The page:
New Delhi: The Supreme Court on Tuesday agreed to accord urgent hearing to a plea challenging appointment of Central Vigilance Commissioner (CVC) KV Chaudhary and Vigilance Commissioner (VC) TM Bhasin on the ground that the two persons "do not have clean record".
A bench of Chief Justice TS Thakur and Justice UU Lalit said the matter will be heard on March 29 after the vacation and will not be deleted after senior advocate Ram Jethmalani sought the urgent hearing.
The lawyer said the plea would become infructuous if the hearing does not take place as the person, who has become the CVC, would retire after "enjoying fruits of the appointment".
"They have appointed a person (Chaudhary) who, in my opinion, should have been in jail," Jethmalani said.
"Mr Jethmalani, you argue for bringing people out of jail," the bench said and later assured him that the plea would be heard on urgent basis.
Earlier, the court, on August 13, last year, had issued notice to the Centre and others on the plea challenging the appointment of the CVC and VC TM Bhasin. The plea was filed by NGO Common Cause through lawyer Prashant Bhushan.
Jethmalani, who also appeared in the case supporting the plea, had sought the court's permission to inspect the records filed by the central government in this regard.
The plea had challenged the appointment of the CVC and the VC alleging that they did not have "clean record" and that a "complete non-transparency" procedure was followed while appointing them.
While Chaudhary was appointed as the CVC on June 6, this year, Bhasin took charge as the VC on June 11.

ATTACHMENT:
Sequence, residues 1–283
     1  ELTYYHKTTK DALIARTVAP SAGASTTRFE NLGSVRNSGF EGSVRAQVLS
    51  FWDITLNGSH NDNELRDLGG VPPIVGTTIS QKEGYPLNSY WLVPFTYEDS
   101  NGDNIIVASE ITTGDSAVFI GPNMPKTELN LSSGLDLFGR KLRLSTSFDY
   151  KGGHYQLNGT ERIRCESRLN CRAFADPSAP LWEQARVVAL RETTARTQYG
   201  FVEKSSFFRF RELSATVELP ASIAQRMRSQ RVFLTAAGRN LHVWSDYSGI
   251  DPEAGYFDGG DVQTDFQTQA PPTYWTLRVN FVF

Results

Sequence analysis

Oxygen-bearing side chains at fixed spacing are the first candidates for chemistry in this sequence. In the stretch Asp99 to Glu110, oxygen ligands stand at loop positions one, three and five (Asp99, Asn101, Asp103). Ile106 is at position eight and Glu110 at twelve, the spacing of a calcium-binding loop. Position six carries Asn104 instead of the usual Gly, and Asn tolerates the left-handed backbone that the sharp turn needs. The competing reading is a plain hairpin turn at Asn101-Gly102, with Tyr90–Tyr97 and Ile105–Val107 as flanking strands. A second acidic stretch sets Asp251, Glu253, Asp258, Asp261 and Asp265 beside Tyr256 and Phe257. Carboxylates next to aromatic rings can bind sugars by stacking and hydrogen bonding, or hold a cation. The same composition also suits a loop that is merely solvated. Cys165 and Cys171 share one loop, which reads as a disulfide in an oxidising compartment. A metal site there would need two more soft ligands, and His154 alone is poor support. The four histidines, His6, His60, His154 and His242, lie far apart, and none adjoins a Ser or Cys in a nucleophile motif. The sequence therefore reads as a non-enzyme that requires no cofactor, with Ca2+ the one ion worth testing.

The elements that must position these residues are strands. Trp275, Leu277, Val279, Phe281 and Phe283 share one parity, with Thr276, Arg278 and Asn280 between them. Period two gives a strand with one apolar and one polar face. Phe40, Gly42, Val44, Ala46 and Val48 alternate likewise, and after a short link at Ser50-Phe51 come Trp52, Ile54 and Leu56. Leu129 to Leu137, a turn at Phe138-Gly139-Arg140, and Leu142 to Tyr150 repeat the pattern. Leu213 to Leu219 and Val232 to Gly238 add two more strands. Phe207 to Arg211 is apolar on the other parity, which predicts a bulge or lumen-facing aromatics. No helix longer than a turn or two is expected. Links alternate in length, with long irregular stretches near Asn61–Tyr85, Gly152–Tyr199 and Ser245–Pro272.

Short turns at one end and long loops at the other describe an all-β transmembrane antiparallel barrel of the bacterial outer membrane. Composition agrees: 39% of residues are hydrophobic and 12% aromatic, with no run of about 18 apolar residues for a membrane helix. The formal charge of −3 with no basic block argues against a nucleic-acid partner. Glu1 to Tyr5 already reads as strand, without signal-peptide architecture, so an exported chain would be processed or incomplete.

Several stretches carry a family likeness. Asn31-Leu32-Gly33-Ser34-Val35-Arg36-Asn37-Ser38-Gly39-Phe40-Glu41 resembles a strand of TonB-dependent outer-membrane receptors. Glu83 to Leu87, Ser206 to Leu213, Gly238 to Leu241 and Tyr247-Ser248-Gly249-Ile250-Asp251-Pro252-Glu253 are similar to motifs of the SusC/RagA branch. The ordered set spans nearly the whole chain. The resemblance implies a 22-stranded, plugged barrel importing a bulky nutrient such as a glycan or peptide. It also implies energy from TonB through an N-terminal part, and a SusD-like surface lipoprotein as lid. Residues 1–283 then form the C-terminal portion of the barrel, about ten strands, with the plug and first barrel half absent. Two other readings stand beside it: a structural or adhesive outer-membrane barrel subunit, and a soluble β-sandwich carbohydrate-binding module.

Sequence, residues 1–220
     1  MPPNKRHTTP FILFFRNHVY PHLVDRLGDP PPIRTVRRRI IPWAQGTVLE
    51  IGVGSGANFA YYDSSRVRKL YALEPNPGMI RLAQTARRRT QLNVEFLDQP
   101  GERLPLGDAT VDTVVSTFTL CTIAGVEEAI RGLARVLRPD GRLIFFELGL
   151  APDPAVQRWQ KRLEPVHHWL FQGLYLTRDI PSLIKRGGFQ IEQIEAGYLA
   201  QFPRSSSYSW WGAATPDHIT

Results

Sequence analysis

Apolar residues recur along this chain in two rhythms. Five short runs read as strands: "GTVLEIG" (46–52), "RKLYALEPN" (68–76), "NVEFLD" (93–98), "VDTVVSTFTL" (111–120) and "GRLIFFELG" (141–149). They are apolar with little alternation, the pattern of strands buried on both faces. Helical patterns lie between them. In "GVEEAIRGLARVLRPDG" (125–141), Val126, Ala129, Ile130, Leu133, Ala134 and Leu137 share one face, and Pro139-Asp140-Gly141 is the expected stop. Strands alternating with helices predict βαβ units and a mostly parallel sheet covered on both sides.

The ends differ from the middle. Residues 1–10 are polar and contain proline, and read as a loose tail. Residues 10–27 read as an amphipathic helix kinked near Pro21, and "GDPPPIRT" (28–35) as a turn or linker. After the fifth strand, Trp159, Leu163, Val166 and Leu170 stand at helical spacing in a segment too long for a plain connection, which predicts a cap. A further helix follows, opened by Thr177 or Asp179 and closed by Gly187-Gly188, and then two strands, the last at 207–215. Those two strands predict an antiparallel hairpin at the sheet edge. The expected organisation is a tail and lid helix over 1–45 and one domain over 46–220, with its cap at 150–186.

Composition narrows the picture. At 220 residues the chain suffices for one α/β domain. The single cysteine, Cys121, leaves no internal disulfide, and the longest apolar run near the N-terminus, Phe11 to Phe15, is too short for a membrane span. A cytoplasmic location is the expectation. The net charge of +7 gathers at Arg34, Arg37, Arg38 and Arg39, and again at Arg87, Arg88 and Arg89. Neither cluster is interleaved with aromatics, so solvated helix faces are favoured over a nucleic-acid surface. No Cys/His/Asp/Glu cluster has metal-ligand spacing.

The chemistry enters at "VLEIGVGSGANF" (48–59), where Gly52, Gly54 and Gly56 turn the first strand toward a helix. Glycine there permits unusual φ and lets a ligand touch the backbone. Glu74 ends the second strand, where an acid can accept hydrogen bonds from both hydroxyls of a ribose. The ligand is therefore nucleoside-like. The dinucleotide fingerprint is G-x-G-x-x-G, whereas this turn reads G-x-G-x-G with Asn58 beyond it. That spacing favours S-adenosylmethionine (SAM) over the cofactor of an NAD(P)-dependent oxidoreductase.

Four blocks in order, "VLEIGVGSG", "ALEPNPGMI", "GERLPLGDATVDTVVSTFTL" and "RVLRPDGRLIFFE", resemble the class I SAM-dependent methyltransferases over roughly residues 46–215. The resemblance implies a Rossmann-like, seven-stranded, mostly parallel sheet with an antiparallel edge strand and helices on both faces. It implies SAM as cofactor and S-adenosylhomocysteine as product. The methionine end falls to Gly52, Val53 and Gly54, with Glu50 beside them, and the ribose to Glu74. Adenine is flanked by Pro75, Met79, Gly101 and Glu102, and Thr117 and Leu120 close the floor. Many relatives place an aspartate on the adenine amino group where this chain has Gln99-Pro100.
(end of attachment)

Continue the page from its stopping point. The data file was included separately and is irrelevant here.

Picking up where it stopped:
The PIL alleged that their appointments were "arbitrary, illegal and in violation of the principle of institutional integrity".
"The government did not even place the names of short- listed candidates in public domain or the fact that Chaudhary and Bhasin were being considered for the appointment to such important positions," the plea said.
It said that this complete non-transparency renders the appointment "void and illegal", and in violation of Article 14 of the Constitution. The apex court, which has been hearing a similar petition filed by NGO Centre for Integrity, Governance and Training in Vigilance Administration, had on May 13 lifted its embargo and allowed the Centre to go ahead with the appointment of CVC and VC from the list of candidates shortlisted by it.
In December last year, the apex court had asked the Centre to take its prior "leave" before going ahead with appointments for which 10 candidates each were shortlisted after scrutinising 130 applications.